I recently went to a singles event about a year ago called, The Great Love Debate: Why is Everyone Single? I went because I really wanted to know the answer to that question. I didn’t expect to meet anyone special there but I did, and her name was Linsdey. She came up to me during the after party to talk to me about a comment I made during the session. I had said that I had a list of qualities that I wanted in a man and one being at least 6 feet tall. Yes, I am one of those girls, but I have good reason; I’m 5’8”. She told me that the most important thing is to have a man that would be there truly for better or for worse. She went on to tell me that she had MS and that her husband was a great guy but she never would’ve gone for him if she would have stuck to her requirement of a man being at least 6 feet tall to date her. We continued talking about the most important trait to look for in a mate is someone who will really be there for better or for worse and in sickness and in health.
We then started to talk about our individual illnesses and how much we have taught ourselves about our illnesses and how little doctors actually know about anything. Now please don’t get me wrong, I completely respect the medical field, and I appreciate the doctors that treat me, but I also have come to realize that they are experimenting. They will give you a certain combo of drugs if it doesn’t work, they may lower or increase the dosage, or switch your medication for another one. The varied recommendations I have received from different doctors, and different diagnoses also supports the case that in a lot of cases doctors are doing their best and hoping that it works. No doctor knows your disease or your body better than you do. This is why it is imperative to be your own advocate, and be an active participant in your diagnosis and treatments. If you are too sick and you don’t have the energy then get a close friend, family, or a professional to come with you and be that person in your corner. The things that will make you an active advocate for your health care are simple, but not easy for everyone to do. The doctor’s role as an authority figure is still deeply ingrained in the culture.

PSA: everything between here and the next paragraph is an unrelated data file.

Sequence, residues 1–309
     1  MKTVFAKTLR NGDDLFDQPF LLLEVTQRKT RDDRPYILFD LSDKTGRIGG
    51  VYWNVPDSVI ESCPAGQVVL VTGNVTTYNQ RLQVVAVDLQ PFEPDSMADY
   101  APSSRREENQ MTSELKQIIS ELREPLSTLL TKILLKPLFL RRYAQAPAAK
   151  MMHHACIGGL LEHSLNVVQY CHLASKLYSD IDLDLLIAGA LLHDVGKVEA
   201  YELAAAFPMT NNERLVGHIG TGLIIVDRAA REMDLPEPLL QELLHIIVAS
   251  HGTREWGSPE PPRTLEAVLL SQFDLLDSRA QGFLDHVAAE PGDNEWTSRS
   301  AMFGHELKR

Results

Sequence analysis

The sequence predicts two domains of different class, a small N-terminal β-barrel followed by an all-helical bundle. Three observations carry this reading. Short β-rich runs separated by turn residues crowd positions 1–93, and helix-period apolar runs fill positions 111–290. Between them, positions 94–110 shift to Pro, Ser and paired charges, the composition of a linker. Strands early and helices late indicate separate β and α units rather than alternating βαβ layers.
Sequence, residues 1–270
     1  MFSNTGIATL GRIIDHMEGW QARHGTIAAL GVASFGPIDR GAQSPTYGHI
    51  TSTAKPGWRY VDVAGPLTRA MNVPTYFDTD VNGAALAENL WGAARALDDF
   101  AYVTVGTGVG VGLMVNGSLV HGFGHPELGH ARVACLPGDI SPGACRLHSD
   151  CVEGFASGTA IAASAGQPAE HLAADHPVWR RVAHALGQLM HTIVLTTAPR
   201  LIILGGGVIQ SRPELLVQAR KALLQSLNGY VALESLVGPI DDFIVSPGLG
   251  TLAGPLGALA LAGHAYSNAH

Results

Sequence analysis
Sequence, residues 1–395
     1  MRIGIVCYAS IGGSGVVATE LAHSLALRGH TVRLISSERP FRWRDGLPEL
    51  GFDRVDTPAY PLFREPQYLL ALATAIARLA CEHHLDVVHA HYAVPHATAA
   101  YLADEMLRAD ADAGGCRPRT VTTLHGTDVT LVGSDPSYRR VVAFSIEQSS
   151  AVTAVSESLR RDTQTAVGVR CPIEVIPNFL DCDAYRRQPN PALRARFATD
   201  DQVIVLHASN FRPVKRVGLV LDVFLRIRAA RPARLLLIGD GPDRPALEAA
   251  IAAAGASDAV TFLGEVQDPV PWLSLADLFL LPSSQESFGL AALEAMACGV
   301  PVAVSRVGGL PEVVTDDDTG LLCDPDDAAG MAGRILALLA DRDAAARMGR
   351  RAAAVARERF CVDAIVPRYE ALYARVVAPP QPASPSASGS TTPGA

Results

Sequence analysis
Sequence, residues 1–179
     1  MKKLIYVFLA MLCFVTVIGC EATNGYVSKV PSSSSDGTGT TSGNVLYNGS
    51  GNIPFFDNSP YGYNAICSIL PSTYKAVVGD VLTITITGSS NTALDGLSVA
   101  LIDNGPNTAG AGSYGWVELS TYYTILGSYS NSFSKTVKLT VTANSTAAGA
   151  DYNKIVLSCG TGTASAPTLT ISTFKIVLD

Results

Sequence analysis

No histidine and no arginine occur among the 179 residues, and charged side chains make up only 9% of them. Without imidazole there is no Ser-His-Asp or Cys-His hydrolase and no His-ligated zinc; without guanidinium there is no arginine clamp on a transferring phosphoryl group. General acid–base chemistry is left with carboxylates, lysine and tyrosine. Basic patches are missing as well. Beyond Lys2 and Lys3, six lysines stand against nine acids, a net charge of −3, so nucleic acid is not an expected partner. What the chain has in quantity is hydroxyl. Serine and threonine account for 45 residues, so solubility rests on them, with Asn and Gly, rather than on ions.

Do you follow doctor’s orders, or do you participate in shared medical decision-making? The latter sounds better, but when you are in the room, with the paper on the exam table crinkling under your bare bottom, you may not feel so empowered. Here are some tips to help you feel more empowered at your next doctor’s visit. Remember this is your health, and ultimately you are the only one who will be affected by the healthcare you receive.
- Ask questions- “The onus is on the patient to indicate when they don’t understand something,” she says.
Ideally, doctors should always communicate at a level that matches a patient’s knowledge, but that’s not a realistic expectation. Gruman doesn’t fault doctors for occasional and unintentional lapses in communication.
- Be prepared- The average patient has three issues he or she wants to address during a visit with a doctor. Because time with the doctor is limited, it helps to make a list of the most important issues to cover and take it with you.